We kind of hear people throw that term around, and my understanding is that part of the payout from Binance getting.. buying back their stake. Sorry selling their stake back to FTX, was that they received FTT tokens.
[M] No these are not.. none of these, none of these tokens confer any kind as far as I know. I mean there’s some of these DAO’s and things that theoretically I guess there’s maybe a legal claim somewhere but I don’t think so. No none of these tokens confer any kind of legal claim on anything. They’re literally just pieces of code floating around on blockchains and they have no, they have no relationship to the companies that issue them, beyond the fact that the company issued them and generally retains most of them on their balance sheet. It’s a way just to spend money out of thin air.
[S] It’s funny because I saw you on other podcasts, I won’t say which one, but people were throwing around the terms that these were, that these represented equity. And I’m going through their white papers you know, hitting CTRL-F “equity” and I’m not seeing any of that.
[S] So it begs the question. If this doesn’t represent equity and it’s basically just, as I understand it both in the case of Celsius and FTT, you’re just getting some sort of trading discount for holding them, is that enough of an incentive for any rational person to actually want to own these things or are these just, just pure Ponzi’s?
[M] Well no, they’re pure Ponzi’s. And I mean, so the FTT token is a little bit different from the Celsius token. A lot of individual people did own this CEL token and the reason why they owned it was a lot of them actually were confused and somehow believed that there was some sort of equity relationship.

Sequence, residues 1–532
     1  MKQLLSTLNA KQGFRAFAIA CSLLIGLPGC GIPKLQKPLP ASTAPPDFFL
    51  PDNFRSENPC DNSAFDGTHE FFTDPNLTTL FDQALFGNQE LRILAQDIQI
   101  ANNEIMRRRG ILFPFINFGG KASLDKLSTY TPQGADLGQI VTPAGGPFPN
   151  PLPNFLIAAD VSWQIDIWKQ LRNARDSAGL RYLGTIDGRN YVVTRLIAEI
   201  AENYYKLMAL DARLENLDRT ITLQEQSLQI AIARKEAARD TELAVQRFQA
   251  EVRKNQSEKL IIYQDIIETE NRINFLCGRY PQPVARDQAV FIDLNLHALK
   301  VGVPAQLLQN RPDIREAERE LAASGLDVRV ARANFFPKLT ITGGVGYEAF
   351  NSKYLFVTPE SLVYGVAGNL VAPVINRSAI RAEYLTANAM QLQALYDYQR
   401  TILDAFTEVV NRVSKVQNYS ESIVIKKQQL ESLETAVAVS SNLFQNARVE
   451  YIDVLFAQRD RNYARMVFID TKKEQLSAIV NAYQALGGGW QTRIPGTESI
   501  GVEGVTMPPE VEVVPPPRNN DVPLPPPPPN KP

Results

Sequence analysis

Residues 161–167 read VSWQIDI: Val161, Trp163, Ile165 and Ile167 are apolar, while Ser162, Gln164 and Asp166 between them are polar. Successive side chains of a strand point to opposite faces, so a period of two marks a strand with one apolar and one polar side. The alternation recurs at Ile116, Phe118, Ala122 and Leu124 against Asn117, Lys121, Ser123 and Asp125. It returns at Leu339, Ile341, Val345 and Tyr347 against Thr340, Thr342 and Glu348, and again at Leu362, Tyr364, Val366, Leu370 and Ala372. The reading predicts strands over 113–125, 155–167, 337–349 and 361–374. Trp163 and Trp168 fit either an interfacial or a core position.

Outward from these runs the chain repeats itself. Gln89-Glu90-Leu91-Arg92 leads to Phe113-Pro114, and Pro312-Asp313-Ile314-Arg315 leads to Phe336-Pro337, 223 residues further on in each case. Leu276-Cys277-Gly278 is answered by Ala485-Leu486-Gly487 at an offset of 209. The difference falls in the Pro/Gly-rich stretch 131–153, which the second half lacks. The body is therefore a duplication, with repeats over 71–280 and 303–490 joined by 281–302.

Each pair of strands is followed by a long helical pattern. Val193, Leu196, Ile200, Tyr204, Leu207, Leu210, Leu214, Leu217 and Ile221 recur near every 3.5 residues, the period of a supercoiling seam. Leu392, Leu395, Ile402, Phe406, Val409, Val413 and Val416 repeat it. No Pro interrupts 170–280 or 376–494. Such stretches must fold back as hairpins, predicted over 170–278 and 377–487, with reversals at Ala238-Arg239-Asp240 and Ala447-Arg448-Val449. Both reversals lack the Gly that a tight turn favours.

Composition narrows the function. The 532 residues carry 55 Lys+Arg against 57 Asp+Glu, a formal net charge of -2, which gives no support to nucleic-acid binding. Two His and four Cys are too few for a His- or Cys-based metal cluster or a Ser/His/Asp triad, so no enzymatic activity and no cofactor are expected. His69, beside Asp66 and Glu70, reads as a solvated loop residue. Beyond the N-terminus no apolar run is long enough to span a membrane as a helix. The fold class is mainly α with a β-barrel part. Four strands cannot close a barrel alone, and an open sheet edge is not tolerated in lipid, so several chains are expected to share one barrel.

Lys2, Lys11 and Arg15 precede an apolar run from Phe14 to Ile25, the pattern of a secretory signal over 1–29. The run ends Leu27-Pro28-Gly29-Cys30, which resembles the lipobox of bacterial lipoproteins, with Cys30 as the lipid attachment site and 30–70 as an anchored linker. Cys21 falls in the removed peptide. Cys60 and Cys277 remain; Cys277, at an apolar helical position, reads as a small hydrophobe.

Every time I would go on their AMA’s, because they would have these weekly AMA’s with Alex, there’d always be at least one person asking some question about how like, “do we get a dividend?” or like a lot of them would ask like “the company just raised all this money but like the tokens prices fall, like how does that make any sense?” Like it should be worth more because the company is worth more. Like people, the people who are invested in this, didn’t actually understand what they were buying. So there’s that.
No this is just a way to create something that looks like it has value. It’s the shell game. That’s all they’re doing. They use they use these “exchanges” and they move money around in a way that makes it look like these things have value, and they mark them to market on their balance sheet and then say hey look I have, you know in the case of FTX, almost six billion dollars that uh, or Alameda same difference in the same company, we have six billion dollars. And then they would go to other businesses and borrow against them.
So like Voyager went bankrupt. Alameda was borrowing from Voyager using these FTT tokens and also their serum tokens, which are another total scam token that they held, using those as collateral. So Voyager will lend them real money against, I mean literally thin air, and that’s that’s how all of these crypto companies, its how all of them – any, any of these companies – have these pre-mined tokens. They’re all running the same scheme essentially.
[S] It’s just absolutely wild when you start to actually map it out and see that some people are accepting these securities that are, I don’t know if you want to call them securities..
[M] Well they are, they are securities. I mean every person.. I’ve talked to securities regulators, I’ve talked to lawyers. I mean I’m not a lawyer or a securities regulator so my personal opinion does not count very much, although I have read the Howie test and I feel like they do meet. But everybody I’ve talked to has said yeah. I mean most of these, almost all these tokens are securities and I believe the SEC in the US has said the same thing, they just have enforced into laws yet, which is very unfortunate for a lot of people.